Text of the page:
Six Principles of Persuasion

Updated: Jan 6, 2021

Influence is power. Maybe even a superpower. Imagine being able to harness influence as a skill. To be able to use it when the situation calls. The truth is, this is more possible than you may have thought, thanks to research done over the years.

Persuasion as a superpower is very much within reach. And how is that?

The six principles of persuasion is your answer

1. Reciprocity

One of the most basic principles of influence is to simply give that which you want to receive. In other words, doing right by others is a good way to get others to do the same for you. This idea of reciprocity is a powerful one.

There are a couple of ways to have this reciprocity work for you. Giving others small gifts, treating others with respect, and doing favors for those in need, are all things that can win you points with other individuals.

Moreover, it is these small acts of kindness that will be remembered and come in handy when you’re in need of a favor yourself.

2. Consistency

The principle of consistency is based on the power of active, public, and voluntary commitments, which results in people actually sticking to their word. The first part is an active commitment. By active, we mean something that is written or spoken to other’s. Having people say they will do something is a start, but when they actively commit to it they’re much more likely to follow through.

3. Social Proof

People rely on social cues from others on how to think, feel, and act in many situations. And not just any people, but peers. People they believe are similar to them. This is a key point and what is called social proof.

Having that first-person take action makes all the difference and unlocks the power of social proof.

4. Liking

People like those who like them or who they perceive as friends. It’s a simple, yet powerful idea. The principle of liking can be used in a few different ways.

One method is finding common ground with the people you meet. If you can connect with them on their hobbies or interests, you’ll have a solid ground to build from. Being observant of people is a great way to pick up on any clues that may lead you to such common ground.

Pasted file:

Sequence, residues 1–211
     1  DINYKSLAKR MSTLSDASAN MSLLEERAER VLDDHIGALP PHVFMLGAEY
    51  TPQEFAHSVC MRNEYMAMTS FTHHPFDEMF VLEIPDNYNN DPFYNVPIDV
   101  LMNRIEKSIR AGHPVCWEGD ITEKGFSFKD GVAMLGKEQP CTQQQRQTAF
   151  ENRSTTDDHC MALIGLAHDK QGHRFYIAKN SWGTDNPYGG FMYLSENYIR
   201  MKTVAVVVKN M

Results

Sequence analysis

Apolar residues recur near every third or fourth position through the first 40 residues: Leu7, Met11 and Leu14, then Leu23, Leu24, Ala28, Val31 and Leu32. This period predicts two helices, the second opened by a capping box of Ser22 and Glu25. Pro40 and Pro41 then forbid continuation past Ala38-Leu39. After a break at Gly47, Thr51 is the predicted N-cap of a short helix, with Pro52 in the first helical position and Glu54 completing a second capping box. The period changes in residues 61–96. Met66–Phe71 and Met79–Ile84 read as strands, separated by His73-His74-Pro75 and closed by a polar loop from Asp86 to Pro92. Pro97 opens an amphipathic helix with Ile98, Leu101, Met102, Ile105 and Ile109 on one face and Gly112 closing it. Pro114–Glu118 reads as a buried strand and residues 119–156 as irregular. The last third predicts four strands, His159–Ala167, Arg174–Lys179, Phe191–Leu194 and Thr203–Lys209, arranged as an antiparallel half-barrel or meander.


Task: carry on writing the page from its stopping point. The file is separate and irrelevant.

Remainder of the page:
The other approach is genuine praise. Paying compliments and being charming can go along way to building a positive rapport with others. A word of warning though, don’t go overboard. The key here is genuine praise, don’t manufacture it to the point that you’re clearly trying to butter them up.

5. Authority

When you are perceived as an expert in an area, other’s will be more likely to defer to you. Why? Often because experts are able to offer a shortcut to good decisions that would otherwise take a long time to devise themselves. The idea then is to establish that credibility of authority and expertise.

Many often miss this opportunity because they assume others will identify their expertise automatically. You can’t leave it up to interpretation because it will often be overlooked.

6. Scarcity

People value what is scarce. It’s just basic supply and demand. As things become more scarce, them becoming more valuable to others. There are a few ways that you can use the principle of scarcity to persuade others. One is simply to make offers limited-time, limited-supply, or one-time, which immediately creates a sense of scarcity.

At the same time, how you present such opportunities matters too. If you focus more on loss language, or language that demonstrates what you will lose out on rather than gain, your message becomes more powerful.

Finally is the exclusivity approach. Providing access to information, services, or other items to a limited set of people creates a sense of exclusiveness. This often gets translated into being a favor to those people or that you value them more than others.

Mastering these six principles of influence will enable you to maximize your abilities of persuasion. But a word of warning. Don’t abuse these skills. They can easily be used to manipulate and control others.

“Character may almost be called the most effective means of persuasion.” -Aristotle

Cialdini is clear to say in his own writing, these principles of influence should be used from a place of good, with your influence being authentic, genuine, and leading others to the best decisions, not only for themselves, but everyone else.

Use it the right way, and you’ll reap the rewards.

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